The separation plan itself includes the idea that Israel will continue military invasions inside Gaza. The third part of the plan states that Israel will have the right to continue these military operations under the title of self defense: “…among them are the taking of pre-emptive and reactive steps to use force against threats posed from within the Gaza Strip.” This means that killing operations, assassinations, and demolition will continue after the implementation of the separation plan. This is in harmony with Sharon’s intentions in leaving burned land behind in Gaza, and with the goal of continuing to destroy the Palestinian national movement, which is Sharon’s historical goal since the Lebanese invasion. Likewise, it is clear that Israel is not pulling out of the Gaza Strip out of weakness. Sharon is trying to secure Israeli omnipotence by way of killings, assassinations, and demolition.
The case of Gaza is not a case of unilateral withdrawal yet, it is still an Israeli redeployment of forces. Unlike the case of the withdrawal from Lebanon one sovereignty is not replacing another.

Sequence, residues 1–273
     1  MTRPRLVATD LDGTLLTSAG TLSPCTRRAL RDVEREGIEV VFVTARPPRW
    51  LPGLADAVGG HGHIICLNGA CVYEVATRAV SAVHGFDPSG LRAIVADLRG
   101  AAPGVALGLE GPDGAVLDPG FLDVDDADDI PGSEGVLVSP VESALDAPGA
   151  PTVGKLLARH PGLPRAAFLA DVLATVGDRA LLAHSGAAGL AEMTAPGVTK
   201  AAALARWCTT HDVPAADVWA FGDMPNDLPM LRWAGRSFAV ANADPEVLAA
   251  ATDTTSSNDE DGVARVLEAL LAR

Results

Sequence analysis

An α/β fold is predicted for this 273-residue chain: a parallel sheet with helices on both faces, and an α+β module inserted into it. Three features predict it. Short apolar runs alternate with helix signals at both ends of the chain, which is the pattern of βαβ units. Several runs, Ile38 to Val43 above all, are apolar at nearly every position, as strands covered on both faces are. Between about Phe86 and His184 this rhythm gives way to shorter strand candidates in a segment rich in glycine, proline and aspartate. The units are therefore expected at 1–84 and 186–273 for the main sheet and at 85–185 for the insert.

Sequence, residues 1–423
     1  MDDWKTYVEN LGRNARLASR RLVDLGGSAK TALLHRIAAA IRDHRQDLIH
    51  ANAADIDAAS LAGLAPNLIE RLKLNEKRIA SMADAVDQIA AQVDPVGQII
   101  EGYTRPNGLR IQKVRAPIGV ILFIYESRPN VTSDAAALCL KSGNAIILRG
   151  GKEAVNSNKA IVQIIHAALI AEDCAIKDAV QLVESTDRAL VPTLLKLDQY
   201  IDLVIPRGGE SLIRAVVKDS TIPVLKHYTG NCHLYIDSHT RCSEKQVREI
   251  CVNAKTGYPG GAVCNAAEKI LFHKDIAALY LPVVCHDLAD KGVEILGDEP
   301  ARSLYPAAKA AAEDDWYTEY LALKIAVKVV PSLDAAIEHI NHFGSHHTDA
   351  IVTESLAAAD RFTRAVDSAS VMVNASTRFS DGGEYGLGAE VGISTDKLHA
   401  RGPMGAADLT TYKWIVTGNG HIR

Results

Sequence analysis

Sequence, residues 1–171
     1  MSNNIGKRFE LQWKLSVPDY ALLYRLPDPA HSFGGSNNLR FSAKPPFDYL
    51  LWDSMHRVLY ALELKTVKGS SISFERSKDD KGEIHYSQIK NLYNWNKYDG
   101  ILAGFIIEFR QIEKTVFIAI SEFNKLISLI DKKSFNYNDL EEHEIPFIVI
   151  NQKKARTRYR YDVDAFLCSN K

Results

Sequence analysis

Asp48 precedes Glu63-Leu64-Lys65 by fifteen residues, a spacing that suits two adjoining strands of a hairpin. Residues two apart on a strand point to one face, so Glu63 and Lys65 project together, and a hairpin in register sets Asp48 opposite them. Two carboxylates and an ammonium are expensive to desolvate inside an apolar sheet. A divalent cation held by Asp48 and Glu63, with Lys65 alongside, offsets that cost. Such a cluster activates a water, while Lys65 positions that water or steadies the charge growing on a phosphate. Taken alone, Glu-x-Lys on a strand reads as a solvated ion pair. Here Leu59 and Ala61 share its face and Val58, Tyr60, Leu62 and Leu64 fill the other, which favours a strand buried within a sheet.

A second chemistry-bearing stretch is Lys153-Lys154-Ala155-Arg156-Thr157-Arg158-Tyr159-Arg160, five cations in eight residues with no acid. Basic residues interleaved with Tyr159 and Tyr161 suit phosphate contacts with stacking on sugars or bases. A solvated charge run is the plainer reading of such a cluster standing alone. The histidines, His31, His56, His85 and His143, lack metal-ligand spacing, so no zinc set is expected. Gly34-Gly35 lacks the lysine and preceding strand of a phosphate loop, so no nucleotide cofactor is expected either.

Why is Sharon in a hurry to dismantle Gazan settlements and to pull his army out of the inside of the Gaza Strip?
In order to present an alternative to the political stagnation under conditions of protracted Israel aggression in Gaza without accepting a just solution. The overwhelming majority of Israeli society and its decision makers want to be done with the Gaza Strip, which has constituted a serious security and demographic burden on Israel. There are only seven thousand settlers in an ocean of more than one million Palestinians, and there is no future for this settlement project from the Israeli perspective. However, Sharon has tried to steal international political gains for its withdrawal, which also includes plans for strengthening settlements in the West Bank in exchange for what is called disengagement from Gaza.
Isn’t the dismantling of settlements an important precedent to set?